BofA fires back at New York over modification violations


Bank of America Corp has fired back at New York Attorney General Eric Schneiderman after he threatened to sue the bank for violating the terms of a $25 billion settlement designed to end mortgage servicing abuses.

In a letter to Schneiderman, lawyers for Bank of America said they were "surprised and disappointed" the attorney general thought the bank engaged in "flagrant violations" of the timeline to process mortgage modifications.

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The lawyers also said Schneiderman cannot sue until the bank has an opportunity to cure any alleged violations.

"Bank of America has not committed any potential violations ... let alone failed to cure those potential violations," attorneys Meyer Koplow and Theodore Mirvis, of Wachtell, Lipton Rosen & Katz, wrote in the May 7 letter. Reuters obtained a copy of the letter on Friday.

Schneiderman announced on Monday that he planned to sue Bank of America and Wells Fargo & Co for violating the terms of last year's National Mortgage Settlement, which was brokered between five major banks and 49 attorneys general.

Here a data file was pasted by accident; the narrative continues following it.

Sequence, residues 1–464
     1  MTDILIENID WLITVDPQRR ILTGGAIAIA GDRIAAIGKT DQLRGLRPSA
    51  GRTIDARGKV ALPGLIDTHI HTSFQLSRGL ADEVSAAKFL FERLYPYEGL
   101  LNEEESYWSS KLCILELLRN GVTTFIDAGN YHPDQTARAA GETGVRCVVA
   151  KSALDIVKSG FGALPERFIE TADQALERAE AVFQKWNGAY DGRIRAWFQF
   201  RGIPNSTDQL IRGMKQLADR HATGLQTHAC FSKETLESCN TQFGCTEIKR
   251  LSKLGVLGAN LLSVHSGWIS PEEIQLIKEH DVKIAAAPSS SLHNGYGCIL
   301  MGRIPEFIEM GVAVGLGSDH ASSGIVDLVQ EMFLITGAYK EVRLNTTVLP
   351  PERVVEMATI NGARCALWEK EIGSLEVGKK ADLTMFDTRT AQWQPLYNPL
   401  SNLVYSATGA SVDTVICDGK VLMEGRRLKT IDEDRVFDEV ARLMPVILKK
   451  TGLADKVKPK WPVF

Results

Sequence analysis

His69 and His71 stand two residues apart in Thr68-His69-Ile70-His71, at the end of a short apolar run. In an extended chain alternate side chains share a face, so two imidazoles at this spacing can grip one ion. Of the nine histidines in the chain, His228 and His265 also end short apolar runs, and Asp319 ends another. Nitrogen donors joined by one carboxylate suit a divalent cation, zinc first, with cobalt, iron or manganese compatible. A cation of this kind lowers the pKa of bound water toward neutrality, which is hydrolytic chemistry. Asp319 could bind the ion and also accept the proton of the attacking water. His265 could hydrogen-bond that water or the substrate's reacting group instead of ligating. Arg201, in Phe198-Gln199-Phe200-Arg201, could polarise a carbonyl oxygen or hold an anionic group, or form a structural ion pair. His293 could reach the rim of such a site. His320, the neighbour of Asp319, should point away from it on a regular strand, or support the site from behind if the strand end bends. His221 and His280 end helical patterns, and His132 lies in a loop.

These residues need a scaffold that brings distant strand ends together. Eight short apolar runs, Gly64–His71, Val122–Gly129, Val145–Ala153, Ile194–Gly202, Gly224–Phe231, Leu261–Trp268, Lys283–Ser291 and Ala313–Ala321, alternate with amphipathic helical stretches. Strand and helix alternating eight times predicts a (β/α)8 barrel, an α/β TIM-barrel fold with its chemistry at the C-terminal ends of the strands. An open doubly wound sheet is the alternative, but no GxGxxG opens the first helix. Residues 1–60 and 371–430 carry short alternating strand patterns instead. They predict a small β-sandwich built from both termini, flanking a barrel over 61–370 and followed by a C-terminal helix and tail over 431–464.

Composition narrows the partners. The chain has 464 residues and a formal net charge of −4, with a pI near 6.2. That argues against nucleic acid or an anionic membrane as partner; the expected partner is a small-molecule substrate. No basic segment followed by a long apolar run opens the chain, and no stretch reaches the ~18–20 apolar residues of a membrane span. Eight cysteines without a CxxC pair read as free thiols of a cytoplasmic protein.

Schneiderman did not say how the other three banks - JPMorgan Chase & Co , Citigroup Inc and Ally Financial Inc - were performing.

He said Bank of America had 129 violations since October and Wells Fargo had 210 and that their tardiness put homeowners at greater risk of foreclosure.

On Friday, Wells Fargo said it was committed to abiding by the settlement.

"We expect that a constructive pathway may still develop with the New York AG," the bank said in a statement.

Asked about the Bank of America letter, Schneiderman's spokesman, Damien LaVera, said: "At least Bank of America will respond to one New Yorker promptly."

LaVera said the attorney general has "the right to bring a suit against parties that violate the servicing standards and will do so."

Schneiderman has said he would seek injunctive relief and an order requiring the banks to comply with the settlement. His statement did not say he was seeking damages or penalties.

It is unclear how far he can take his efforts because they come outside the primary channel authorized by the settlement to address any potential violations. The settlement's monitor is authorized to first work with a servicer to correct any potential violations and sue only if the errors are not fixed.

Bank of America said that, under the terms of the settlement, the attorney general's office has no right to commence an enforcement action and requested that the notice of intent be publicly withdrawn.

The bank's letter asked for evidence of any violations so it could provide remediation to homeowners without waiting for any "adversary process."

(Reporting By Karen Freifeld. Editing by Andre Grenon)